This way, the methodology of “imaginary reconstitution of security” is a new possibility to make the processes of designing and implementing peace agreements more democratic through digital visual deliberation and critical local empowerment.

Tricia Ong

Tricia Ong’s design of a novel visual methodology: the Clay Embodiment Research Method (CERM) was inspired by critical ethnography and Participatory Action Research. The CERM is a mixed method approach comprised of 1) active participant observation, 2) a series of seven participatory clay body mapping workshops and 3) a group interview using photoethnography.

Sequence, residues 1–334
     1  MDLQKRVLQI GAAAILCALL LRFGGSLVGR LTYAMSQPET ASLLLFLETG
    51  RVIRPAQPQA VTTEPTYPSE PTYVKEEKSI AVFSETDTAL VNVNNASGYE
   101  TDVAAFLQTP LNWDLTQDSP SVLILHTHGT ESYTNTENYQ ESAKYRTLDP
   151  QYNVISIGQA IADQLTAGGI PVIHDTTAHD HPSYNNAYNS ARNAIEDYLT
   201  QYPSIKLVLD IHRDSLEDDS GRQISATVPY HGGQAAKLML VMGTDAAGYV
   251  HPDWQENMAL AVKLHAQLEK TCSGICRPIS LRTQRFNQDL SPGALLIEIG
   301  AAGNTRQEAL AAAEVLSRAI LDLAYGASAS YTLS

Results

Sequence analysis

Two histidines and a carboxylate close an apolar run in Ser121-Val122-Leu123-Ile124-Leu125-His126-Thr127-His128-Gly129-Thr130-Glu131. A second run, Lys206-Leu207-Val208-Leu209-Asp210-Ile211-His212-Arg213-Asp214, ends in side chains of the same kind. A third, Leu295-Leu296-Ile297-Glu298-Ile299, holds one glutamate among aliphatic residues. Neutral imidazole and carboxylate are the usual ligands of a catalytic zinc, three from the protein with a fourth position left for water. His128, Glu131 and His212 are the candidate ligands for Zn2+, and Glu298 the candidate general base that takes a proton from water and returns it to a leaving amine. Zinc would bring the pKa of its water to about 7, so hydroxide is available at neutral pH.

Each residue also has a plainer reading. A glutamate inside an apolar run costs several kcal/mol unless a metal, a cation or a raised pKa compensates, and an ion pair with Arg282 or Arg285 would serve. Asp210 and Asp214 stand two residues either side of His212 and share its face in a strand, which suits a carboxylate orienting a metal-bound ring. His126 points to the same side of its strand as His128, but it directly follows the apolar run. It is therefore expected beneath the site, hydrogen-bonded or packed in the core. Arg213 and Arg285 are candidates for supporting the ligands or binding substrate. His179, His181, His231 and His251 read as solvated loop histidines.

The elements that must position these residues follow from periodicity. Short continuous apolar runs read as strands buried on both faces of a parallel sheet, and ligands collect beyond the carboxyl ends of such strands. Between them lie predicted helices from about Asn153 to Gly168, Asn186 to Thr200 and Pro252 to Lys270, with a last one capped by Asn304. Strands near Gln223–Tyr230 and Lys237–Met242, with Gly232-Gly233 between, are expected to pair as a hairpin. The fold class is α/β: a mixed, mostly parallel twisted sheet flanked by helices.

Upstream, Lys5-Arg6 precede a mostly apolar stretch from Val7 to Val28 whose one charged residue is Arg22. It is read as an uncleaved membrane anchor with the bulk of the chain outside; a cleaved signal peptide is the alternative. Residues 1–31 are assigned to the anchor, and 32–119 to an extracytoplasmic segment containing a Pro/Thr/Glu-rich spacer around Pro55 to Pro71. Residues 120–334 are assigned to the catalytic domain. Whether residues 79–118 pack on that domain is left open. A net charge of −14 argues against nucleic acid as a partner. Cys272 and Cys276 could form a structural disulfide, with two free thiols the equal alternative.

Paola Tine

Paola Tine’s artbook She Fell and Became a Horse: An Experiment in Ethnofiction is an experiment in interpretative ethnography through ethnofictional means of representation. Through painting, drawing, and text, and with the accompaniment of local music, it explores the existential journey of three Nepali women as they fight against domestic hierarchies and gendered politics in the context of their daily lives. By building on their real-life stories collected through long-term data collection, Tine proceeds to paint and tell other tales that originate from insights emerged from our ethnographic encounter. She focuses here on conflictual domestic relationships and on the ways these lead to the construction of an idealised past and a dreaded – as much as sought – future.

JULIE PATARIN-JOSSEC